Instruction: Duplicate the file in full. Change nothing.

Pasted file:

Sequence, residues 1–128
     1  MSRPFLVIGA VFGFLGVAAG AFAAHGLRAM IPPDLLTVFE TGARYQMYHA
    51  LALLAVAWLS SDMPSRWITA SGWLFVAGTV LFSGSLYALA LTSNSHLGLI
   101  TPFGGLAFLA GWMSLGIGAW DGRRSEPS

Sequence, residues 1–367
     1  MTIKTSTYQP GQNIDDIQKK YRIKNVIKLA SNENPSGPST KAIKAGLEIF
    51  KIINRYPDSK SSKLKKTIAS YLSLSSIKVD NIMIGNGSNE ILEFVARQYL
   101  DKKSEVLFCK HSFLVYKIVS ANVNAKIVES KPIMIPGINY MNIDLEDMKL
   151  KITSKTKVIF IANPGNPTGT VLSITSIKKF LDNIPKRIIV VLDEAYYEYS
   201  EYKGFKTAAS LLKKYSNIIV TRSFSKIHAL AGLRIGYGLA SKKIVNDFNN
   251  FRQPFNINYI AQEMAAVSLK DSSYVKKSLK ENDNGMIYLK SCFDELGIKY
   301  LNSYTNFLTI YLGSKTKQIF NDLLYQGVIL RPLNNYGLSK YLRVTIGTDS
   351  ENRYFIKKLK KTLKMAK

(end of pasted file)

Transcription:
Sequence, residues 1–128
     1  MSRPFLVIGA VFGFLGVAAG AFAAHGLRAM IPPDLLTVFE TGARYQMYHA
    51  LALLAVAWLS SDMPSRWITA SGWLFVAGTV LFSGSLYALA LTSNSHLGLI
   101  TPFGGLAFLA GWMSLGIGAW DGRRSEPS

Sequence, residues 1–367
     1  MTIKTSTYQP GQNIDDIQKK YRIKNVIKLA SNENPSGPST KAIKAGLEIF
    51  KIINRYPDSK SSKLKKTIAS YLSLSSIKVD NIMIGNGSNE ILEFVARQYL
   101  DKKSEVLFCK HSFLVYKIVS ANVNAKIVES KPIMIPGINY MNIDLEDMKL
   151  KITSKTKVIF IANPGNPTGT VLSITSIKKF LDNIPKRIIV VLDEAYYEYS
   201  EYKGFKTAAS LLKKYSNIIV TRSFSKIHAL AGLRIGYGLA SKKIVNDFNN
   251  FRQPFNINYI AQEMAAVSLK DSSYVKKSLK ENDNGMIYLK SCFDELGIKY
   301  LNSYTNFLTI YLGSKTKQIF NDLLYQGVIL RPLNNYGLSK YLRVTIGTDS
   351  ENRYFIKKLK KTLKMAK